Category Archives: Literature

In any type of writing, there are three possible points of view: 1st, 2nd, and 3rd, or me, you, and other. There are three periods of the English language’s history: Old, Middle, and Modern. And dramas traditionally have three parts: prot asis, epitasis, and catastrophe.

Happily ever after

Happily ever after
Happily ever after

The new economic realities of the 19th century then cross-pollinated with the ideas that emerged from the Enlightenment about individual rights and the pursuit of happiness, and the result was a full-blown Age of Romanticism. It was the 1800s and people’s feelings suddenly mattered. The new ideal was not only to marry for love but that that love was to live on in bliss for all of the eternity. Thus, it wasn’t until the relatively recent 150 years ago that the ever-popular “happily ever after” ideal was born.

Christopher Walken Reads “The Three Little Pigs” and is out of this world

Christopher Walken reads Three Little Piggies

Back In 1993, he made an appearance on Channel 4’s “Saturday Zoo” in the UK. Dressed in an old-fashioned patchwork colorful sweater, Walken was supposed to read a segment from the popular fairy tale “The Three Little Pigs.” According to host Jonathan Ross, Walken was finally able to “fulfill his lifelong ambition to come on national TV and entertain children”.

Source: http://trib.al/8AG5jkw

THE MOUSAI

Muse with barbiton, Paestan red-figure lekanis C4th B.C., Musée du Louvre
Muse with barbiton, Paestan red-figure lekanis C4th B.C., Musée du Louvre

THE MOUSAI (Muses) were the goddesses of music, song and dance, and the source of inspiration to poets. They were also goddesses of knowledge, who remembered all things that had come to pass. Later the Mousai were assigned specific artistic spheres: Kalliope (Calliope), epic poetry; Kleio (Clio), history; Ourania (Urania), astronomy; Thaleia (Thalia), comedy; Melpomene, tragedy; Polymnia (Polyhymnia), religious hymns; Erato, erotic poetry; Euterpe, lyric poetry; and Terpsikhore (Terpsichore), choral song and dance.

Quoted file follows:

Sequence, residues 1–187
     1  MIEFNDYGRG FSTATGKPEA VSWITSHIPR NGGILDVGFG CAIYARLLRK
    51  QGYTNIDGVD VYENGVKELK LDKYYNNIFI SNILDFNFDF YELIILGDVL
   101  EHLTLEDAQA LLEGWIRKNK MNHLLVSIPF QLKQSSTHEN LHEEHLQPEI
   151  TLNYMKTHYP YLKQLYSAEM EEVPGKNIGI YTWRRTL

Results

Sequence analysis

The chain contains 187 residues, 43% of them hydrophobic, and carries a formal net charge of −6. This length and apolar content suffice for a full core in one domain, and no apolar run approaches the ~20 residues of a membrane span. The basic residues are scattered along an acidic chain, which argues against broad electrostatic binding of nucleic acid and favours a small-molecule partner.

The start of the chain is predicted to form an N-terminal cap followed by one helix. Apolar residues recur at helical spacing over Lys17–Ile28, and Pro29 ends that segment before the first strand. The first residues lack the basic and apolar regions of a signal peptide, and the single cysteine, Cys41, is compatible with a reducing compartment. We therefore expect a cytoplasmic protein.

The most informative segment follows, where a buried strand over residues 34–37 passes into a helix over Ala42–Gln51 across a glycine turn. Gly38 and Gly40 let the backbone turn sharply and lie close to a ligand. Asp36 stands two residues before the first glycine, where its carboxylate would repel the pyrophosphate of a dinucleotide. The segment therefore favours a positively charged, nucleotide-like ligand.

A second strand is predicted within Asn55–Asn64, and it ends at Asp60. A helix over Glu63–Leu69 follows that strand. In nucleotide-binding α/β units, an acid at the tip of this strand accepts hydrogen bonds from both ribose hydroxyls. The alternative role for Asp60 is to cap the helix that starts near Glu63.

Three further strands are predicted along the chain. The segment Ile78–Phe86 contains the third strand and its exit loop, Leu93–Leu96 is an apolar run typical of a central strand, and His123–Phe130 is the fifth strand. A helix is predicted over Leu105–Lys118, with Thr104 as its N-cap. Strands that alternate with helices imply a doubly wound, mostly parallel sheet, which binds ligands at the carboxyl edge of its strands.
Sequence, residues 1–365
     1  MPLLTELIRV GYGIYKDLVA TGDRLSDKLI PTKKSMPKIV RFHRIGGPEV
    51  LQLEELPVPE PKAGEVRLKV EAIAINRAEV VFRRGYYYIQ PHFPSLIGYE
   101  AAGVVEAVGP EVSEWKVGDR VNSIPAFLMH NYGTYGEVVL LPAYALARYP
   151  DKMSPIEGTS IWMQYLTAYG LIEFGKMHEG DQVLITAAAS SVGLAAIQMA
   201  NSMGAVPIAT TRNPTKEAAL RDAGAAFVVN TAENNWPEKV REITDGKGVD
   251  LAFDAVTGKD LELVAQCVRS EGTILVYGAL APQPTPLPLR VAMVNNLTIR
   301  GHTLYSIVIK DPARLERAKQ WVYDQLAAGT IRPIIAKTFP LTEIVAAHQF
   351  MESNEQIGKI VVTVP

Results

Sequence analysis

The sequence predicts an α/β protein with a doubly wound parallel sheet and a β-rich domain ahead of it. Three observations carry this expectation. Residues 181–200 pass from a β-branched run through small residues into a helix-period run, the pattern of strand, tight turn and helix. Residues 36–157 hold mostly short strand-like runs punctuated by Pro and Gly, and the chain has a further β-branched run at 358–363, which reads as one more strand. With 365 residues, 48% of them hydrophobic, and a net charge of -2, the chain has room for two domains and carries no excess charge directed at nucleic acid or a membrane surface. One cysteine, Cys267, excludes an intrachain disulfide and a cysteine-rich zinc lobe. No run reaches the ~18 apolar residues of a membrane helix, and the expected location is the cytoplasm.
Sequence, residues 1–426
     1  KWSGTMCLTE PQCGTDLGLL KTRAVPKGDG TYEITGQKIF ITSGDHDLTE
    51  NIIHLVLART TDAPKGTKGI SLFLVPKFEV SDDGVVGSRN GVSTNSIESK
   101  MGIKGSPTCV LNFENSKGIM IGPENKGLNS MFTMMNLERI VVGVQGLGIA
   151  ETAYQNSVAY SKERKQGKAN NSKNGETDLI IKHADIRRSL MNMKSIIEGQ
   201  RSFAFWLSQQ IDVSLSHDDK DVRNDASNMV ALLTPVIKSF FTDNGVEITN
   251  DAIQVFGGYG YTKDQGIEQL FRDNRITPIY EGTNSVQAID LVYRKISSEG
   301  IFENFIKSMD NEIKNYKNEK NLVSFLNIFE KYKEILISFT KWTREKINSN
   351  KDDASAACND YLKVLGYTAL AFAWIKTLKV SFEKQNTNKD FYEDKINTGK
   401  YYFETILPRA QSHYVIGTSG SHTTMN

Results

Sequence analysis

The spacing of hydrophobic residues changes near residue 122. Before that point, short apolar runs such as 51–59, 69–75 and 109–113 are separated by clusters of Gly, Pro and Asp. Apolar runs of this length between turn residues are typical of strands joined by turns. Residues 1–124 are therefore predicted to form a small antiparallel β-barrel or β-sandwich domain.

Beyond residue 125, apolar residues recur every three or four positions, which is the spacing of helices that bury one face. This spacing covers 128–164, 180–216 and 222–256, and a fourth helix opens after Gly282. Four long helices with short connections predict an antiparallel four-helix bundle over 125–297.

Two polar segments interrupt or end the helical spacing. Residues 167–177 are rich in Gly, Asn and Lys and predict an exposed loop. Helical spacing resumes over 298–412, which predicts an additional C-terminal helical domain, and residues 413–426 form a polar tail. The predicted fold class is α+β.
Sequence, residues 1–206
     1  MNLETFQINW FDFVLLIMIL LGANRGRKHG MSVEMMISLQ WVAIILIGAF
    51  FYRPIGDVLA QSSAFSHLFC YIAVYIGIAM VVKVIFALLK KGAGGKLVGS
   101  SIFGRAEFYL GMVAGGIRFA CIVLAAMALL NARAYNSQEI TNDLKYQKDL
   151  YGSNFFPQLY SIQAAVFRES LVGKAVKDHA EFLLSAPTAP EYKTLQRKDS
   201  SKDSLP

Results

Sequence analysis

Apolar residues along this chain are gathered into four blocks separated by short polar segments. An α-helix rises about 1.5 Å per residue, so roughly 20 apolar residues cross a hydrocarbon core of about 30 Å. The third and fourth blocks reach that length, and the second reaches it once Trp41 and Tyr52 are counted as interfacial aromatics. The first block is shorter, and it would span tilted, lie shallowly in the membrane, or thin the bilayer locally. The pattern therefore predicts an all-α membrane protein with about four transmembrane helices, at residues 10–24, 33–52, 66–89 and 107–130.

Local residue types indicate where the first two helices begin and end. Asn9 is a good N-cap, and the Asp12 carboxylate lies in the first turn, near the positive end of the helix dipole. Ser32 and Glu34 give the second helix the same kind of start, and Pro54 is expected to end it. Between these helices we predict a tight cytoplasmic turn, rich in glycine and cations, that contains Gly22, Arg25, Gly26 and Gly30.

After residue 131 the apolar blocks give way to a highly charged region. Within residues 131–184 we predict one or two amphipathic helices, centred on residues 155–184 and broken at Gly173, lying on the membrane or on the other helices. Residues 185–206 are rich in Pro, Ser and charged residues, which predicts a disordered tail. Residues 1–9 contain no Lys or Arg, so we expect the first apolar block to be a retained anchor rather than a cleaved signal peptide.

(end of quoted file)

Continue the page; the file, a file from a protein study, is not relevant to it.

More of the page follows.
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Three Is a Magic Number: The Trinity Archetype in Harry Potter

Christopher Bell
University of Colorado Colorado Springs, Colorado, USA
Harry Potter
Harry Potter

The significance of the trinity archetype and the number three is recurrent in religions and myths around the world.

Within the trinity archetype, each element is both distinct from and symbiotic with the other elements—that is to say, each stands apart from the others, but none can truly function alone. This can be seen throughout Greek mythology, for example, The Moirae and The Musai, and of course, through the Christian Trinity of Father, Son, and Holy Spirit. While the archetype of the trinity appears numerous times throughout the Potter series, at its very heart, the series is centrally focused on a triad of trinities: the Trio (Harry, Ron, and Hermione), the three  Unforgivable Curses, and the three Deathly Hallows. It is the intersection of this triad of trinities—this “supertrinity”—that not only drive the Potter narrative, but connect the work so readily to the psyche of readers and fans; it is how we are harmonically programmed, in terms of understanding stories.